OPINION: South Dakota workers need the Keystone XL pipelinePresident Obama recently announced his much anticipated decision on whether to approve the Keystone XL pipeline. Unfortunately, the president rejected the project, devastating tens of thousands of Americans who hoped to work on the pipeline.
By: TIM PETERSON, Yankton
President Obama recently announced his much anticipated decision on whether to approve the Keystone XL pipeline. Unfortunately, the president rejected the project, devastating tens of thousands of Americans who hoped to work on the pipeline.
Keystone XL would have carried oil from Alberta, Canada to refineries in Texas near the Gulf of Mexico. It would have generated jobs, spurred spending, and generated tax revenue. It would have been safe for workers and the environment. And it would have increased America’s energy security.
No wonder the project had broad, bipartisan support both in Congress and among the American public.
With unemployment at 8.5 percent, most Americans consider job-creation our country’s top priority. And with 16 percent unemployment in the construction sector, skilled craft workers are particularly desperate for new employment opportunities.
Here, Keystone XL would have delivered. The independent Perryman Group calculated that installing Keystone XL would have created over 1 billion man-hours of work. Perryman predicted that Keystone XL will create approximately 20,000 high-paying manufacturing and construction jobs over the life of the project.
The construction of Keystone XL could have generated an addition $20 billion of overall spending in America. This would yield a $9.6 billion increase in overall output, and put $6.5 billion into the pockets of those who were counting on this project for work. Pipeline-related commerce could have boosted local-government revenues by an estimated $19.4 million and state-level receipts by some $102.9 million.
South Dakota is hit particularly hard by the president’s decision. Obama’s rejection of the project denies South Dakotans $450 million in new spending statewide. Workers can no longer anticipate new employment. Nor can they look forward to the projected personal income gains of $319 million.
The Perryman Group further found that steady, reliable Canadian oil would have helped the broader US economy. Heightened business activity, Perryman concluded, would have generated $100 billion in spending and $29 billion in productive output.
TransCanada, the company behind Keystone XL, says it remains committed to the project and will reapply for the permit, but this will take time — time unemployed Americans can ill afford.
Remember, the new jobs are not just among those who would have actually built the pipeline. Americans would produce the materials that compose the pipeline. Many would deliver those goods by truck and rail. Others would erect housing for pipeline-construction workers and maintenance crews, while even more Americans would serve them breakfast before work and pour beers after hours.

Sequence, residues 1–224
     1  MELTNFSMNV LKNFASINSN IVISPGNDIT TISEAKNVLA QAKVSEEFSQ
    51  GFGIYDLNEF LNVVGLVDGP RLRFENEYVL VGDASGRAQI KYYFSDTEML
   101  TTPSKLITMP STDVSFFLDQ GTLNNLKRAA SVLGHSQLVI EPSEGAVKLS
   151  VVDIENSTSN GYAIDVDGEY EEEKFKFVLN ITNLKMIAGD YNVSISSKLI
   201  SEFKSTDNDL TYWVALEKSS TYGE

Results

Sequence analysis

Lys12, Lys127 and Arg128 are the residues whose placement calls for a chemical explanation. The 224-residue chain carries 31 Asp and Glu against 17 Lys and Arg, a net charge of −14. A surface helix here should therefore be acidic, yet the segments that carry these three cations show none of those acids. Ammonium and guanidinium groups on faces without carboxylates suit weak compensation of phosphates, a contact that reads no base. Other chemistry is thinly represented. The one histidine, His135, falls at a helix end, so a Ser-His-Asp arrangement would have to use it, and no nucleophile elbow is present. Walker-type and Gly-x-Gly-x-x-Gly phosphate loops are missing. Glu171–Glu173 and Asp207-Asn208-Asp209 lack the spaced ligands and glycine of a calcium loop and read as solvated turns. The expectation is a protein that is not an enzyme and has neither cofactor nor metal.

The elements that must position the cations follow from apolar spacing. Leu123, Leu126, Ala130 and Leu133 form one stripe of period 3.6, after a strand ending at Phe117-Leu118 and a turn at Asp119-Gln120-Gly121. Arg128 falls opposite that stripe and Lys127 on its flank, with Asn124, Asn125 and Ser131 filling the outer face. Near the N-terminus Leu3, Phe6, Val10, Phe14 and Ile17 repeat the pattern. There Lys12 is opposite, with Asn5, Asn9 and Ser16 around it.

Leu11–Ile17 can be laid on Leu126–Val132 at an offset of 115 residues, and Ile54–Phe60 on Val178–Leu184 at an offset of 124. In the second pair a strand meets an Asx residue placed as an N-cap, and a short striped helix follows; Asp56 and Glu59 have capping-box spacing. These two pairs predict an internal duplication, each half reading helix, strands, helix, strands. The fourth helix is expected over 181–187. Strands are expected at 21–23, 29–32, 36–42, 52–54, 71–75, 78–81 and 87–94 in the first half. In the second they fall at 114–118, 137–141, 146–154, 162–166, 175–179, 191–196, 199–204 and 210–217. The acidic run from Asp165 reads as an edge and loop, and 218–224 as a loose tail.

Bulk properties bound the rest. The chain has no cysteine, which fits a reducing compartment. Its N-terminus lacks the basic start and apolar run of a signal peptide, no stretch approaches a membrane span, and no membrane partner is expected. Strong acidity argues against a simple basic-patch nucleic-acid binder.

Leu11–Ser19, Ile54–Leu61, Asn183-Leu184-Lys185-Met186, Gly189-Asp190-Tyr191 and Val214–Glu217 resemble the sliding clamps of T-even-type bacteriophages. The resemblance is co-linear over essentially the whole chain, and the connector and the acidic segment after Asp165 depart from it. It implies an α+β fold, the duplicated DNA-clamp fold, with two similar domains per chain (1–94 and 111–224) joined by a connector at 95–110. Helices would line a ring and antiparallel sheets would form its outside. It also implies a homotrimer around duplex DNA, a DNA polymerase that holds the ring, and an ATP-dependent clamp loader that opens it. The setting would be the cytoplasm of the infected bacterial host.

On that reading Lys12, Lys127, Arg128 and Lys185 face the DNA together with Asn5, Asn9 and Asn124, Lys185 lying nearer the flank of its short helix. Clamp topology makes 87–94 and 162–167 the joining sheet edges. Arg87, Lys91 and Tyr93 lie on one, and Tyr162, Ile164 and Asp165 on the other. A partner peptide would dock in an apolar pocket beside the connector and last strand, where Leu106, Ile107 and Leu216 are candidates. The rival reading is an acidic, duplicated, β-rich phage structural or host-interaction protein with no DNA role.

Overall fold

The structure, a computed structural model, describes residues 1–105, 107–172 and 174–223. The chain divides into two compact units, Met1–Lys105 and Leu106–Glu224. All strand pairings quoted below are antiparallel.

In this time of tight budgets and rising government debt, Keystone XL would have cost taxpayers precisely zero dollars. “This project is entirely paid for with private-sector dollars and is shovel ready,” explained Russ Girling, CEO of TransCanada, the company behind Keystone.
Critics harped about the oil-sands petroleum that Keystone would carry. Policymakers shouldn’t have acceded to these fears.
“Opponents claim that crude from the oil sands is more corrosive in a pipeline than crude from places such as Venezuela,” wrote Terrence McGowan of the International Union of Operating Engineers. “Oil-sands crude is not more corrosive and, at this very moment, is being transported across Wisconsin on the Enbridge pipeline to refineries supplying our state. Over 40 percent of the motor fuel consumed in Wisconsin comes from the oil sands.”
“The score is Job-Killers, two; American workers, zero. We are completely and totally disappointed,” says Laborers’ International Union of North American President Terry O’- Sullivan.
Asks International Brotherhood of Electrical Workers President Edwin D. Hill: “To those Democrats who oppose the pipeline on well-meaning but misguided environmental grounds and those Republicans who routinely vote against every jobs bill except Keystone, we pose this question: What are your plans to replace the 20,000 jobs that are now on hold?”
Administrations officials made it explicitly clear in their denial announcement that they were not opposed to the pipeline in theory — they just wanted more time examining its route. In particular, regulators are worried about plans to run the pipeline through the Sand Hills in Nebraska and the Ogallala aquifer, a huge underground reservoir located under the Great Plains.
Officials generally weren’t concerned with the parts of Keystone located outside those regions — or about 80 percent of the total pipeline. And these other parts have already undergone a thorough environmental review and been found safe.
So, while we wait for a final decision on the overall project, regulators should allow construction to commence on the concern-free parts of the pipeline. Any delays will represent a betrayal by a party that has promised its commitment to job creation and economic growth.
Tim Peterson, of Yankton, is a welder helper for UA Pipeliners Local Union 798 in South Dakota.